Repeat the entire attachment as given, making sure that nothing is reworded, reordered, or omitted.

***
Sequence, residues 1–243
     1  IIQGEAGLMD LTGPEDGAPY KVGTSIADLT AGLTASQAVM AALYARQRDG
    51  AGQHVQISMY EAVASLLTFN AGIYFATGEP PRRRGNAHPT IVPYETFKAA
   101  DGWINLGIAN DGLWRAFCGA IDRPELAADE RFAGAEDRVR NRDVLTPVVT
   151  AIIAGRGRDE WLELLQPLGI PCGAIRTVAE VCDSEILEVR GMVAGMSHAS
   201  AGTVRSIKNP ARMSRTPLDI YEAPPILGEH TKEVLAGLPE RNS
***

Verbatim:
Sequence, residues 1–243
     1  IIQGEAGLMD LTGPEDGAPY KVGTSIADLT AGLTASQAVM AALYARQRDG
    51  AGQHVQISMY EAVASLLTFN AGIYFATGEP PRRRGNAHPT IVPYETFKAA
   101  DGWINLGIAN DGLWRAFCGA IDRPELAADE RFAGAEDRVR NRDVLTPVVT
   151  AIIAGRGRDE WLELLQPLGI PCGAIRTVAE VCDSEILEVR GMVAGMSHAS
   201  AGTVRSIKNP ARMSRTPLDI YEAPPILGEH TKEVLAGLPE RNS